To assess prior knowlege, ask students to skip count by 10's. Then ask
a volunteer to name a number they said when they skip-counted. Identify
this as a product. Ask students to name the numbers that they would
multiply together to get that product. Identify these as factors.
Repeat with other numbers in the counting sequence.
10, 20, 30, 40, 50, 60, 70, 80, 90, …
30 = 5 × 6, so 5 and 6 are factors of 30.
To begin the lesson, give each student a copy of the 0—99 Chart and a supply of counters or cubes.
Ask students to cover the numbers that are called as you skip
count by 2’s. Direct students to observe and report the pattern that
results. Note that columns are formed when the numbers are covered in
this counting sequence. Engage students in a discussion about this
pattern and why it occurs.
Have students clear their 0‑99 chart and ask them to cover the
numbers with counters or cubes as you call out the 5’s counting
sequence [5, 10, 15, 20, 25, 30, …]. Ask students to describe the
resulting pattern. Engage students in a discussion about the comparison
between the column pattern created when counting by 2’s and the one
created when counting by 5’s. Encourage students to explain their
Model for students how to count by 3’s and cover the numbers
that are included in this sequence. Discuss how the resulting pattern
compares with the two previous patterns created when counting by 2’s
and 5’s. Invite students to explain how and why the counting pattern
for 3’s is different from the others. Then ask students to clear their
Give each student crayons and tell them that they will now
color the 0‑99 chart that they used in the previous activity. (To
shorten the activity, you may wish to use only the top half of the
chart.) When the students are ready, ask them to skip count by 2's in
unison, coloring each number that they say with a red crayon. It may be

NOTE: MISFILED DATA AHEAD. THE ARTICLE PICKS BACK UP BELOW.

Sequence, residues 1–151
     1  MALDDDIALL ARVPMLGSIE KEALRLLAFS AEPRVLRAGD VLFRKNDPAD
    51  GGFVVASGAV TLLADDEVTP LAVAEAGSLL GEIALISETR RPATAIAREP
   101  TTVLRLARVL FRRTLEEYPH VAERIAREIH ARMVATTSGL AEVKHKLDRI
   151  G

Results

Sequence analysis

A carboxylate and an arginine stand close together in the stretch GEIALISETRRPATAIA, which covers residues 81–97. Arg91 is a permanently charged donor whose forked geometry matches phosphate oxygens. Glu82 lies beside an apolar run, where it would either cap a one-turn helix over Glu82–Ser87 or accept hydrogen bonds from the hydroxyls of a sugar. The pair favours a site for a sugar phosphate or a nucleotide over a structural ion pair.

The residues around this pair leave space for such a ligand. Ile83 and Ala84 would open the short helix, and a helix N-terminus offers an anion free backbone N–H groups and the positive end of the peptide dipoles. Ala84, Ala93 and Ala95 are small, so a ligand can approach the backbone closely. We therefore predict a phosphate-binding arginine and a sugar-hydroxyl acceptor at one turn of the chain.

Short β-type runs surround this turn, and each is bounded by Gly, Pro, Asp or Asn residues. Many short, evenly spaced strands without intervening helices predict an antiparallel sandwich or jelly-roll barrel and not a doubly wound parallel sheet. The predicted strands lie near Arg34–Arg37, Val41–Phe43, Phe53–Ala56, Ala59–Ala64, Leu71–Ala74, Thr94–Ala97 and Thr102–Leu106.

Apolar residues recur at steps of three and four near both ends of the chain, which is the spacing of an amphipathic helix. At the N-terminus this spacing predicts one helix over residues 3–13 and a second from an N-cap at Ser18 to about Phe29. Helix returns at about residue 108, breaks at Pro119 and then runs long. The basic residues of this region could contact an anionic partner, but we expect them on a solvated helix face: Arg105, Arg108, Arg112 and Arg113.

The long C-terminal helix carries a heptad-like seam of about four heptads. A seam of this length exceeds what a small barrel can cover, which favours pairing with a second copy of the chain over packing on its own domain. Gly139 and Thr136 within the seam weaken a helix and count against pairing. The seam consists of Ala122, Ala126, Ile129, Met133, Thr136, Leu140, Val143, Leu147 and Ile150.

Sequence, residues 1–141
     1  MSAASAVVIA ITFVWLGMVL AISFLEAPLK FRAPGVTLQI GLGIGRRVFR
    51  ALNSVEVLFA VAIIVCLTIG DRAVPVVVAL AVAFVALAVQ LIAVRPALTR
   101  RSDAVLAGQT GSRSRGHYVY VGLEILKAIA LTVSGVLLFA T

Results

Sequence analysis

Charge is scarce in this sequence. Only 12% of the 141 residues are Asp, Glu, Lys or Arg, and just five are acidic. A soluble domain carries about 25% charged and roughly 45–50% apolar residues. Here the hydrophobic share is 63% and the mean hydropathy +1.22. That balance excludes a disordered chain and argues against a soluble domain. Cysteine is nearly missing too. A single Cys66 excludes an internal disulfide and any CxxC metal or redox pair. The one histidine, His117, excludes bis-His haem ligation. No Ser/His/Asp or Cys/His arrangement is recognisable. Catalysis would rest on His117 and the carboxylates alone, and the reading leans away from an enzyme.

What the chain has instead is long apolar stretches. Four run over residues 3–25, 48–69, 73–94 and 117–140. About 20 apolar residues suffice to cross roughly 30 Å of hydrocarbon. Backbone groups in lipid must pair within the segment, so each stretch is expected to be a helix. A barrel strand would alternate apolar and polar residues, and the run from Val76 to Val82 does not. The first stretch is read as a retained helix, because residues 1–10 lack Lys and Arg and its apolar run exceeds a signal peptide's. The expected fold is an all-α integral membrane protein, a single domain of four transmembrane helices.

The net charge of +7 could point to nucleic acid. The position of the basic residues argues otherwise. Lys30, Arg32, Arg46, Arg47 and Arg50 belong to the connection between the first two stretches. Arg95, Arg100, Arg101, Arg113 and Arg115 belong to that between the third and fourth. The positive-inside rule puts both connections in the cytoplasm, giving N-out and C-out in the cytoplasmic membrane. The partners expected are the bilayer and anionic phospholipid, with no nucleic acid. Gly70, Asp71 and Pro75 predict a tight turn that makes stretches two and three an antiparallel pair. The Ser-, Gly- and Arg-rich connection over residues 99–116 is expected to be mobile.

helpful for some students to say 1 softly, 2 loudly, 3 softly, 4 loudly, and so on.
Repeat this same process with counting by 3's and coloring each
number with a yellow crayon. Then have students skip count by 5's,
coloring each number with a blue crayon. (A portion of the completed
chart is shown below.)
Call students' attention to numbers that have been colorded with
more than one crayon. For instance, some numbers on their chart are
orange (colored both red and yellow), and ask students if these numbers
represent a skip-counting pattern. [They will show the pattern of skip
counting by 6; each number is divisible by both 2 and 3.] Repeat with
the numbers that are colored purple (i.e., colored with both red and
blue crayons). [These are products of 10, having both 2 and 5 as
factors.] Ask the students why the number 15 is colored green (i.e.,
colored with both yellow and blue). [It has both 3 and 5 as factors.]
Questions for Students
1. What numbers did you say when you skip count by 2? By 5? By 3? By 10?
[2, 4, 6, 8, etc.; 5, 10, 15, 20, 25, etc.; 3, 6, 9, 12, 15, etc.; 10, 20, 30, 40, 50, etc.]
2. How can we show that 3 × 6 has the same product as 6 × 3?
[3 groups of 6 produces 18; 6 groups of 3 produces 18.]
3. What is similar about skip counting by 5 and adding 5 + 5 + 5? What is
[For both, you get multiples of 5; Counting by 5 can be quicker than adding 5 + 5 + 5.]
4. How does knowing how to skip count by 2 help you skip count by 4?
[Student answers may vary.]
- Which students remembered the commutative property? What experiences are
necessary for those who did not?
- When students were unable to fluently count by 3’s, what strategies would
facilitate their recall of this counting sequence?
- Which students are able to skip count by 2, 3, 5, and 10 rapidly and
correctly? What extension activities would be appropriate for those students?
- What adjustments will I make the next time that I teach this lesson?
- Skip count by twos, threes, fives and tens
- Find products by adding equal sets
- Explore the commutative property of multiplication
Common Core State Standards – Mathematics
Grade 4, Algebraic Thinking
Generate a number or shape pattern that follows a given rule. Identify apparent features of the pattern that were not explicit in the rule itself. For example, given the rule ''Add 3'' and the starting number 1, generate terms in the resulting sequence and observe that the terms appear to alternate between odd and even numbers. Explain informally why the numbers will continue to alternate in this way.